F.S. When you returned to France, you very soon began your research on photography. How did you arrive at that idea? Was it someone else who gave you the idea?
P.B. I do not remember exactly, and I would not want to tell you any nonsense. But I do know that it was connected with the fact that Raymond Aron appointed me director of the general secretariat of a research center that he had just founded. I was not particularly self-confident in those days and I thought that it would be a good thing to get another source of income; in case I was not very successful, then it would not be that bad if. . . . So I signed a contract with Kodak. Photography is a subject that I was very interested in. Of course, what I had in mind was the fact that photography is the only practice with an artistic dimension that is accessible to everyone, and at the same time it is the only cultural asset that everyone consumes. I wanted to take this indirect approach to arrive at a general aesthetic theory. It was both a very modest and very ambitious undertaking. People tend to say that photos of the common people are terrible, etc., and at first I wanted to understand why that was; I wanted to try and do justice to the fact, for example, that these pictures are usually taken face on, that they depict relationships between people—these things that gave the whole thing a certain necessity, that also had the effect of rehabilitation. What I then did was to analyze a collection of photos, the collection of my childhood friend Jean not. I took one photo after another, totally soaked them up, and I think I found a great deal of things in this shoe box.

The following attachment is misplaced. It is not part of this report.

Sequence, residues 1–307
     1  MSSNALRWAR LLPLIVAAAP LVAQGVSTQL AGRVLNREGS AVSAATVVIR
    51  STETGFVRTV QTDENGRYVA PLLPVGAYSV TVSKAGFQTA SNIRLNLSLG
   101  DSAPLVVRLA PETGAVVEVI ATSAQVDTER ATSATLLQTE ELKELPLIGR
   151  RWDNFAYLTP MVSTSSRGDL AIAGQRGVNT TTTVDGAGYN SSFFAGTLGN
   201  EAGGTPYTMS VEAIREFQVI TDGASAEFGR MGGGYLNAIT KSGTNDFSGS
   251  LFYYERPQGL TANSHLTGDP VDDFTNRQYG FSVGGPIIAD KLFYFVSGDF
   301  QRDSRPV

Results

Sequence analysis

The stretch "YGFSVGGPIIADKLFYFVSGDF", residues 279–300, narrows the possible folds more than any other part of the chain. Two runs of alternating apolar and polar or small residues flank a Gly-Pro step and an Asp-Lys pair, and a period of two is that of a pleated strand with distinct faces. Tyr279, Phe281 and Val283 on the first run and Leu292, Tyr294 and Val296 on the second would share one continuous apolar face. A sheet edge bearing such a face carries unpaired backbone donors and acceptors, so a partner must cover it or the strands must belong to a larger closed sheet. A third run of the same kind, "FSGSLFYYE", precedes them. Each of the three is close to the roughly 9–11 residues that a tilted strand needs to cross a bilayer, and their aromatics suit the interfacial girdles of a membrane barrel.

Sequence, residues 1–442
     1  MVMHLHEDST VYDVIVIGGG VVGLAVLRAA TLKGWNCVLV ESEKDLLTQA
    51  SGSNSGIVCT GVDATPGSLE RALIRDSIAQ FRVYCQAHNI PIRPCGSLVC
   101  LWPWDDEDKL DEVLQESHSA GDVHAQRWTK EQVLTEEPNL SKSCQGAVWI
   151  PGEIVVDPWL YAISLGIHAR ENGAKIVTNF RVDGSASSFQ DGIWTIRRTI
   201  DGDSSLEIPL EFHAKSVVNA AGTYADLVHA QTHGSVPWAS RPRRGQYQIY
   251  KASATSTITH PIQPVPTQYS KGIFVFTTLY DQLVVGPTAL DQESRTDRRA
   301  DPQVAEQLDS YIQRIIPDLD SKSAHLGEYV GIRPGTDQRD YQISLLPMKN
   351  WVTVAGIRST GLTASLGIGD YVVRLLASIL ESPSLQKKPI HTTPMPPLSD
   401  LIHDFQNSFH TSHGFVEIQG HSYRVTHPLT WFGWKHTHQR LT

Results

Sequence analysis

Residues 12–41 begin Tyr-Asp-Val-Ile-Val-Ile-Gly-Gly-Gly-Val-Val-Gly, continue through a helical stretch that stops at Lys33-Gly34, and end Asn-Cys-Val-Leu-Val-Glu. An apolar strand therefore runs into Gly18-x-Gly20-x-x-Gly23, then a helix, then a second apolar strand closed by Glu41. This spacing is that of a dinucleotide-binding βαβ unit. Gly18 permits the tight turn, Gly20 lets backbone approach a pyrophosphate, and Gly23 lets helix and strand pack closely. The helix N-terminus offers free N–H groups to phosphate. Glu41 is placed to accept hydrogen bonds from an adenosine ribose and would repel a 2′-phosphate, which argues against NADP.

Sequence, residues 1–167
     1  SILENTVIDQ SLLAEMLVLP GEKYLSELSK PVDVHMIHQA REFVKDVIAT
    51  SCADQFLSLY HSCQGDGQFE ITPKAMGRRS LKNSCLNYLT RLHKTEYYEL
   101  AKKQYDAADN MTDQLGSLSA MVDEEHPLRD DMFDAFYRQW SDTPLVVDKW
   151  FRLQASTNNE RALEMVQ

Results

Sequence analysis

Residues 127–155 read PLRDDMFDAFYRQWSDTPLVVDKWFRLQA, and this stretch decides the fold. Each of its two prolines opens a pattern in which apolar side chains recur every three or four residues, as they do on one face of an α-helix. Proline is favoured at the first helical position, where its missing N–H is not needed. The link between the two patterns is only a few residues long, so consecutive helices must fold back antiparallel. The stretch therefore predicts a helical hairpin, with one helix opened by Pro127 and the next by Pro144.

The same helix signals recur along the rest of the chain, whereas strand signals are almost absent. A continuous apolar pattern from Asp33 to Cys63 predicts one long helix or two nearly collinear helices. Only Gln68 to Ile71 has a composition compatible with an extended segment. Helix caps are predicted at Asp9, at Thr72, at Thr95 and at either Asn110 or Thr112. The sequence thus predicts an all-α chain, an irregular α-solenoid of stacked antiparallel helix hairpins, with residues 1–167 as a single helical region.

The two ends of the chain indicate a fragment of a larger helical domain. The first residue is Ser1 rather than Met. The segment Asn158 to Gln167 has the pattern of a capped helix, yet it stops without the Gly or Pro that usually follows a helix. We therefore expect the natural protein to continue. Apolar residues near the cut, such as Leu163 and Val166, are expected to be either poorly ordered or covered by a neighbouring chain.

F.S. But as you said, you already observed professional photographers when you were taking photos in Algeria, and you said to yourself, “I wouldn’t have taken that photo” or, “I would have done it differently,” or sometimes, “I would have done it exactly the same way.” So there was already a reflectivity in your dealing with photography, a kind of beginning, a point of departure for reflection. . . .
P.B. Yes, that’s right. But if the professional photographers did sometimes take photos that I would have liked to have taken too, photos of the strangest things, they also did a lot of things I would not have done, things that just looked painterly. I think—apart from occasional flukes—it was not easy for them to take an unconventional view of this society, a view that was not exclusively picturesque by design: a weaver at work, women coming home from the well.